Ransomware is a type of malware that locks down your computer until you pay a ransom. It usually happens after someone clicks on a link or opens an attachment.
Ransomware is becoming more popular because criminals are making more money per victim. If you’re not careful, ransomware will lock your computer and demand payments to unlock it. In this article, we’ll talk about how to protect yourself from ransomware attacks.
We’ll also look at why ransomware is becoming more common, and what you should do if you find yourself locked out of your PC.
Ransomware is a type of malware that encrypts files on your computer. Once encrypted, you won’t be able to access those files unless you pay the ransom demanded by the hackers.
Here’s how to protect yourself from ransomware:
1. Always Use Antivirus Software
Antivirus software protects your computer from viruses. Make sure you run an antivirus program every day on your PC. If you don’t use any antivirus software, you’re leaving yourself open for attack.
2. Don’t Download Malicious Files
Never download anything from untrusted sources without verifying its legitimacy first. Even if you think you found a trustworthy website, verify the URL of the webpage. Be careful about clicking links in emails, especially attachments.
3. Back Up Your Data Every Day
Back up your data regularly using cloud storage services such as Dropbox, Google Drive, OneDrive, and iCloud. This will ensure that you can recover lost files should something happen to your computer.
4. Use Strong Passwords
Use unique passwords for each online account, including email accounts, banking accounts, social media sites, and other websites you visit frequently.
Make sure you use different passwords for each site you sign into, and change them often. Also, avoid using personal information such as birthdates, phone numbers, addresses, and Social Security numbers.
5. Change Your Password Often
Change your password often so hackers cannot guess what it is. Hackers may try to break into your account by guessing your password, either by brute force or dictionary attacks.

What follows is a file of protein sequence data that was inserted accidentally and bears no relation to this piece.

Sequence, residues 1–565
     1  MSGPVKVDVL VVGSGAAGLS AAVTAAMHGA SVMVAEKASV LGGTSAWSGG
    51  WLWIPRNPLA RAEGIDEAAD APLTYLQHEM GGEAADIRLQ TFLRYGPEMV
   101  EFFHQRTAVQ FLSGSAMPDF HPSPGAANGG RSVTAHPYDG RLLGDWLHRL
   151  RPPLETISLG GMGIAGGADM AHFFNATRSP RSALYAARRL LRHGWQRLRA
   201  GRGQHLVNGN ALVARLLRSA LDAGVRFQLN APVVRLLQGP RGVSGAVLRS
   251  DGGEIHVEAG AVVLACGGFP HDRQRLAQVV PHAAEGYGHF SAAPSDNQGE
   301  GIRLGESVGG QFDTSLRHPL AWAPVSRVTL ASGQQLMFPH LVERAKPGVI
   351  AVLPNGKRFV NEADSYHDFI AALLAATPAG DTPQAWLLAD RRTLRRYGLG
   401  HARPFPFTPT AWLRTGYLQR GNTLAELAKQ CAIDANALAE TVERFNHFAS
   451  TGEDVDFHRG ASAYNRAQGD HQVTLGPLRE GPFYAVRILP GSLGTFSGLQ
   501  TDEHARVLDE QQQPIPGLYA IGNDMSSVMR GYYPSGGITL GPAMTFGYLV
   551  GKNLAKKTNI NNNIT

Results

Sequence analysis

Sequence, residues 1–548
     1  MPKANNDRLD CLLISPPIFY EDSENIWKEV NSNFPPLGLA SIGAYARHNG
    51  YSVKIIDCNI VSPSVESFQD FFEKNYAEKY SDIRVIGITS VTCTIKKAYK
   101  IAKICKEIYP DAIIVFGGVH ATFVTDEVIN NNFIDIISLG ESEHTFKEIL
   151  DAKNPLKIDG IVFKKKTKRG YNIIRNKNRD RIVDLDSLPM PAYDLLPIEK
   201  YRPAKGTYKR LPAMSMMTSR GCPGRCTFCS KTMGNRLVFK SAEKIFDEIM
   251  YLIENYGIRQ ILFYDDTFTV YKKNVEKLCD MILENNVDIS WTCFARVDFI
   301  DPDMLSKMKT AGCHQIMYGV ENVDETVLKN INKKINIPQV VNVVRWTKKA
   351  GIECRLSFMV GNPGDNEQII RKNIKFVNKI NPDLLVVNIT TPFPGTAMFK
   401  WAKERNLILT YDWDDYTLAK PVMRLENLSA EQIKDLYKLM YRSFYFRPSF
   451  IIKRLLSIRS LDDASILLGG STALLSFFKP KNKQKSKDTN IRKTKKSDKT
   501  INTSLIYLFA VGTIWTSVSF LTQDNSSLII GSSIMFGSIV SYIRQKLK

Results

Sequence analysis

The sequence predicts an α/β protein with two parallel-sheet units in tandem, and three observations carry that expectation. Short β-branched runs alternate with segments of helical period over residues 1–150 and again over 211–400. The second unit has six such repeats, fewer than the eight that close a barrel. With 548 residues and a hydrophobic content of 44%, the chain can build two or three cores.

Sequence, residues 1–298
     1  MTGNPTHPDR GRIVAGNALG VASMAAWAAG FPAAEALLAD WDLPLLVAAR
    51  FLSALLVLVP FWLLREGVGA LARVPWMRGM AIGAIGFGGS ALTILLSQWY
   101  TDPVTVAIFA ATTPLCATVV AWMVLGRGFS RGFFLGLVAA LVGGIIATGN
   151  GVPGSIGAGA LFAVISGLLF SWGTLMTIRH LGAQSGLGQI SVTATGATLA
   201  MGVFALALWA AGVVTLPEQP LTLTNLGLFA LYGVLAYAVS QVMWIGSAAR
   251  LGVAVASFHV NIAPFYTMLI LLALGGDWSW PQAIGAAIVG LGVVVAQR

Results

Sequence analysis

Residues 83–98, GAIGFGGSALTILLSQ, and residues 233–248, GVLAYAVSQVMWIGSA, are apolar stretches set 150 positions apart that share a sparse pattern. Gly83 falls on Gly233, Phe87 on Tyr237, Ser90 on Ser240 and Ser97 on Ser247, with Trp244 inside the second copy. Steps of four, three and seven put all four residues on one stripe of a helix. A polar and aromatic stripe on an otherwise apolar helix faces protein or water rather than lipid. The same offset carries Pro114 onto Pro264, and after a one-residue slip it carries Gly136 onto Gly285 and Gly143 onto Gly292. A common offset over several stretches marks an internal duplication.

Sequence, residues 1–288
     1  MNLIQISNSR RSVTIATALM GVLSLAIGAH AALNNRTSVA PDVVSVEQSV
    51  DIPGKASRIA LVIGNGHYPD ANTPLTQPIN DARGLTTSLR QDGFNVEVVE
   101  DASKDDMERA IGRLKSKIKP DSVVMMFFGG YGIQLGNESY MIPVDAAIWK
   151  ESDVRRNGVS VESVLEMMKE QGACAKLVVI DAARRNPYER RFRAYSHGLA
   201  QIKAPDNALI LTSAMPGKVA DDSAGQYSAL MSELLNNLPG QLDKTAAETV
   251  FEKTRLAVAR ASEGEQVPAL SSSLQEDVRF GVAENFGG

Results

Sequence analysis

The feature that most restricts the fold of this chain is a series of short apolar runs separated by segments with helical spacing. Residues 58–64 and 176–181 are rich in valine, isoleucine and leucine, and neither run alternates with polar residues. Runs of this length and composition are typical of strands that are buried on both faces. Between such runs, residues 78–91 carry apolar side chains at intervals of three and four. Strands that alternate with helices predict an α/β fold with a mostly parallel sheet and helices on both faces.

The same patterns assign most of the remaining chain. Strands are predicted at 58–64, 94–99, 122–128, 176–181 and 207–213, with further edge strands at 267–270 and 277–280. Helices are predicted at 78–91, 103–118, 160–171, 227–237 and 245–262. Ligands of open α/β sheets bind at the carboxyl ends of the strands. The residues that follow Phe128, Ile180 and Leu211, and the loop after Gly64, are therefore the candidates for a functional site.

6. Install Third Party Apps Only From Trusted Sources
Install apps only from trusted sources such as Apple App Store, Google Play Store, Microsoft Store, etc. Avoid downloading apps from suspicious websites.
7. Update Your Operating System Frequently
Updating your operating system automatically updates it with patches and fixes for security vulnerabilities. It also ensures that you have the latest version of programs such as browsers and anti-virus software.
8. Delete Unnecessary Files Regularly
Keep your computer clean by deleting unnecessary files regularly. These include temporary files, cookies, cache, history, and browsing data.
Also delete old backups of important files. Deleting these files from your computer frees up space for new ones.
9. Disable Automatic Downloads
Downloading files automatically can slow down your computer. Turn off automatic downloads for apps such as Chrome, Firefox, Internet Explorer, Edge, Safari, iTunes, Spotify, Netflix, Hulu, HBO Go, Pandora, Amazon Video, Vudu, Plex, and many others.
10. Keep Your Computer Updated
Installing regular updates for your operating system and third party apps helps keep your computer secure.
11. Enable Two Factor Authentication (2FA)
Two factor authentication adds another layer of protection against hacking attempts. You’ll need to enter a code sent via text message or generated by a hardware device when logging into your account.
12. Consider Using Virtual Machines
Virtual machines are like stand-alone computers running inside your main operating system. They allow you to run multiple operating systems at once, which makes it harder for attackers to gain access to one operating system’s files.
13. Use a VPN
A virtual private network encrypts all of your internet traffic, making it more difficult for cybercriminals to intercept and steal your sensitive information.
14. Use Secure Browsing Modes
Many web browsers offer several modes of secure browsing. For example, in Incognito mode, no browsing history is saved on your hard drive. In Private Mode, no search engine history is stored. In Incognito Mode, no activity logs are kept.
15. Back Up Important Data
Backup your most valuable files frequently. This includes photos, documents, music, videos, and other media.
16. Don’t Reuse Passwords
Never reuse passwords across sites. Hackers who get hold of your login credentials can easily log into your accounts.
17. Be Careful When Opening Emails Attached With Links
When opening an email attachment, make sure that you’re clicking on the link within the email itself, not on a website that looks similar but isn’t actually linked to the sender.
Ransomware has become a serious problem for people around the world. It’s not just a matter of encrypting files and demanding money anymore; it’s also a matter of making sure you have backups of everything you need. This article will provide you with several ways to prevent being affected by ransomware. Stay Safe and protected always.